The day could be coming when people may need to put an addition to their homes just to make room for all their connected devices. Research from International Data Corp. estimated smart home device shipments reached $306.3 billion in 2022. And in a report from Comcast, the service provider noted that demand for connected devices has increased 12x since pre-pandemic levels.
What started with smart thermostats and video doorbells has quickly expanded to smart kitchen appliances, connected garage doors, sensors to detect water leaks, voice assistants, robot vacuums, and more. As I write this from my office, I can look on my phone and see it’s 72 degrees in my house, I’ve got a package on my front steps, I’m low on eggs in my fridge and my basement dehumidifier is 67 percent full.
Building Seamlessly Connected Experiences
This level of visibility and control was the first phase of the connected home, but to truly make it a smart home these devices need to be interconnected into experiences. The challenge has been that there are a number of different devices using various protocols and applications that result in different ecosystems that can’t really “talk” to each other.
The industry rallying around the Matter protocol as a standard and common “language” is an example of trying to address this issue.
And the reason is clear – once devices from different brands and manufacturers can be connected and interact through an app then consumers can move to the next phase of creating true smart home experiences.
As an example, a parent could set up a “getting home from school” experience for their child that is triggered when the child opens the WiFi-enabled garage door. The garage door then triggers kitchen and foyer lights to turn on, has an indoor security camera snap a photo of the child, and sends it to the parent, and the voice assistant reminds the child to do their homework before lacrosse practice.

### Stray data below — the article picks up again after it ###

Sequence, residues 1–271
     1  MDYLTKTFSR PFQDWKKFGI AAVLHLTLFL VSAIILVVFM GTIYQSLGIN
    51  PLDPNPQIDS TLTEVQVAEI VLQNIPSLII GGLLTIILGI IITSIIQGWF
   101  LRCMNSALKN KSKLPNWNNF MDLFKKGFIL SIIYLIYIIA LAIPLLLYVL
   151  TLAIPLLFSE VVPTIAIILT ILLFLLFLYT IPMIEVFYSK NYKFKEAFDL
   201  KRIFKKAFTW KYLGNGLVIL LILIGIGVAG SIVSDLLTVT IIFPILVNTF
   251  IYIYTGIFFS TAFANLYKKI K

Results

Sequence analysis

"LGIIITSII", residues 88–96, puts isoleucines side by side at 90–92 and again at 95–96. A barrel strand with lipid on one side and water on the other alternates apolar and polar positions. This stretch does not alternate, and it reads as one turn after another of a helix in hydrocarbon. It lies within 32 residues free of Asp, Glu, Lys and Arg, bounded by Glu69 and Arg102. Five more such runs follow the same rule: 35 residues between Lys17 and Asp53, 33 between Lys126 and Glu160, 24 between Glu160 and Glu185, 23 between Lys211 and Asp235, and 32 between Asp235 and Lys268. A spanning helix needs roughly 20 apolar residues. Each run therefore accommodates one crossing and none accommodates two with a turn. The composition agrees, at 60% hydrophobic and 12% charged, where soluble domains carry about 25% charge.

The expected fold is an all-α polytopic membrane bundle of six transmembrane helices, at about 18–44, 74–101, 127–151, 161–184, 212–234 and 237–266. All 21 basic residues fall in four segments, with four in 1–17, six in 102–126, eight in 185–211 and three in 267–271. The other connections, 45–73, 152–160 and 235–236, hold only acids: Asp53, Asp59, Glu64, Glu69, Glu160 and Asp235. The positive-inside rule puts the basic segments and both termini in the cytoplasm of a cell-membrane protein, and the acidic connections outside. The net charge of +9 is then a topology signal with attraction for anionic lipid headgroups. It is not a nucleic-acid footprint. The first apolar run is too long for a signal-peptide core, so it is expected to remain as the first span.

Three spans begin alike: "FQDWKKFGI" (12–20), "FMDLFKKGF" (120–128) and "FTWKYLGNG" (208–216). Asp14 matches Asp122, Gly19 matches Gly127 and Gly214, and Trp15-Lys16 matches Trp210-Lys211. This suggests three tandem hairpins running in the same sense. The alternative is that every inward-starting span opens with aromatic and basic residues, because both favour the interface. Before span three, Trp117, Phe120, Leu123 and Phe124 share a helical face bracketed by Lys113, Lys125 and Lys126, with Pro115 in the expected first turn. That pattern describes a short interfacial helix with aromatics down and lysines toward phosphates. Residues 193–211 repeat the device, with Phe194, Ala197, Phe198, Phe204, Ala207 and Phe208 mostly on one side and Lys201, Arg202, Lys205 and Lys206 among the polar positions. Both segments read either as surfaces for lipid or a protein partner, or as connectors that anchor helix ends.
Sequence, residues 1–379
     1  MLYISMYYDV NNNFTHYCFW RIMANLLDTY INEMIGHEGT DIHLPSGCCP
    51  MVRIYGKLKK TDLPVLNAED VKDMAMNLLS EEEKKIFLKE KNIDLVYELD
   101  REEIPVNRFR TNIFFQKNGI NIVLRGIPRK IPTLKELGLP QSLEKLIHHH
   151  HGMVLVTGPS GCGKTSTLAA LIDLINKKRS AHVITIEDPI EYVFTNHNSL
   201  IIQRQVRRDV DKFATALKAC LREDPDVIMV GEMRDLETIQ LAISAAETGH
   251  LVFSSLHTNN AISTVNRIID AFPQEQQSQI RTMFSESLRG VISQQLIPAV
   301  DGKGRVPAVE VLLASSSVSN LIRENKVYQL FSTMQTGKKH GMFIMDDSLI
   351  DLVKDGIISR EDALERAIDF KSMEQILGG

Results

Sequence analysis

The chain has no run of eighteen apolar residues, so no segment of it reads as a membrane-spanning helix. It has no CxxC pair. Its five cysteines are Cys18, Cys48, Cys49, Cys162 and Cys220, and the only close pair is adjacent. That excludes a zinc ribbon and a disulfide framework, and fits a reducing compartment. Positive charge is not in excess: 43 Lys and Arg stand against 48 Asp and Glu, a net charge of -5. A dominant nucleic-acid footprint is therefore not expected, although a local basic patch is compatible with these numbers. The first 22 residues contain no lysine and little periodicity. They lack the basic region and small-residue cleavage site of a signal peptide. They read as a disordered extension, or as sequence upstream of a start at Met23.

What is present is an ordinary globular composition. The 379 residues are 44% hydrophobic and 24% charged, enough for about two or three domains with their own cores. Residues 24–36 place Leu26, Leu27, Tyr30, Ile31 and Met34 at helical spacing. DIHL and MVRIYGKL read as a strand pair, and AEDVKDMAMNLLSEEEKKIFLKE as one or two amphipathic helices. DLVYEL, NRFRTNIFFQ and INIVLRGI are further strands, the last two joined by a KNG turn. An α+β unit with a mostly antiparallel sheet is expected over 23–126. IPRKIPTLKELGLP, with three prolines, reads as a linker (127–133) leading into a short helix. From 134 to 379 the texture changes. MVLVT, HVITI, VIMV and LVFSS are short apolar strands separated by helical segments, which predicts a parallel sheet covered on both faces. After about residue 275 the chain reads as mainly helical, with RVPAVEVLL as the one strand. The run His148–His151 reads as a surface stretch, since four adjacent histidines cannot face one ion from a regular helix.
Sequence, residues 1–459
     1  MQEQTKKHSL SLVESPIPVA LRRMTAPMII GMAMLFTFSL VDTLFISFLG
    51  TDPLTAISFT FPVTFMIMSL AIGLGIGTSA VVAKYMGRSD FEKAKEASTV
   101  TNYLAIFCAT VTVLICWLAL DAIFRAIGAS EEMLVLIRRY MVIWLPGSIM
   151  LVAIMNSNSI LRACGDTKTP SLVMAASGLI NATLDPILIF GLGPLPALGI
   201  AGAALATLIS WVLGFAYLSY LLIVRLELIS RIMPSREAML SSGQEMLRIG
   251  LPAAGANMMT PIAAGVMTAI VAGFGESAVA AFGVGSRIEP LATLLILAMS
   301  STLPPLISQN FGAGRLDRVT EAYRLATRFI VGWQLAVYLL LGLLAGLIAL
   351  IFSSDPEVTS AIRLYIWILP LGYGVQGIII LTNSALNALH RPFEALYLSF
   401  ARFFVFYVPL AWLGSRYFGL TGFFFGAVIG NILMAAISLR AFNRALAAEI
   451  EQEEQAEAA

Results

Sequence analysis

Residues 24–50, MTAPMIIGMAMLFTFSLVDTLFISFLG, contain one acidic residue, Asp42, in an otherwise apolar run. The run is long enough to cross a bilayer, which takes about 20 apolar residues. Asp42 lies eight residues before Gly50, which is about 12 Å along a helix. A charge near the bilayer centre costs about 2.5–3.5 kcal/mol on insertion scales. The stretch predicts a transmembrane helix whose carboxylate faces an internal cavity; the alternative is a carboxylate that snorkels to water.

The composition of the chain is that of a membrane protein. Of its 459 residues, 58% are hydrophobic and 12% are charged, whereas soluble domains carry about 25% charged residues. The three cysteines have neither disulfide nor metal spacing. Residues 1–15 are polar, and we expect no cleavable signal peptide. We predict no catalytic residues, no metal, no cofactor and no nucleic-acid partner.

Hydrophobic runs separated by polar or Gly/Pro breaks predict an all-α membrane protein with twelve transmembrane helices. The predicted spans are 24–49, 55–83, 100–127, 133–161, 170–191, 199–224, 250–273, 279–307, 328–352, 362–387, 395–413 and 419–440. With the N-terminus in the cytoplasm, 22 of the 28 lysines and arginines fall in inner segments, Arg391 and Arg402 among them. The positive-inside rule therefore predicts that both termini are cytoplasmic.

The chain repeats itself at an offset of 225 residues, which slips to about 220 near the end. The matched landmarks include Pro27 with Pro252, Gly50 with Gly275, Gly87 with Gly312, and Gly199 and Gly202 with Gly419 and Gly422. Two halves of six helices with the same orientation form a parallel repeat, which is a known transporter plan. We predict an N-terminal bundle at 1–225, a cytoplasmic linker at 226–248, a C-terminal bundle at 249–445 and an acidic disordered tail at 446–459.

App Overload: A Major Roadblock
Those devices and capabilities exist today, but each is individually controlled by the consumer through a different app or service preventing a truly connected, smart home experience. Most consumers end up having a folder on their smartphones with various IoT apps – need to change the temperature or see who’s at the front door? That’s one app. Turning on a connected light bulb? That’s another app. Seeing if your garage door is up or down? Another app.
In some of our own market research last year with Censuswide that surveyed more than 1,000 people, we found consumers have an average of three separate apps for all of their connected products and 18 percent of Americans have at least five smart device apps.
This overload of apps is contributing to consumers losing out on a truly smart home experience. In fact, 24 percent of consumers feel they don’t have a smart home because their apps are separate, and 21 percent admit that even with the apps, controlling their smart home devices is still hard to navigate and not user-friendly.
The Power of Single-App Control
And this problem could accelerate as younger generations embrace a more connected lifestyle, they’re even more likely to be juggling multiple smart home apps. Millennials & Gen Z (Ages 16-34) were 60 percent more likely to have downloaded 3+ apps to control their smart home devices compared to Gen X and Baby Boomers. The solution is in single-app control and 16 percent of respondents agreed, saying they wish they could control every smart device from a single app.
The advent of Matter and third-party IoT platforms that can span multiple devices and manufacturers as well as provide value-added services, such as video storage subscriptions or insurance, will help bridge the gap between the proliferating connected devices on the market and true smart home experiences controlled by a single app.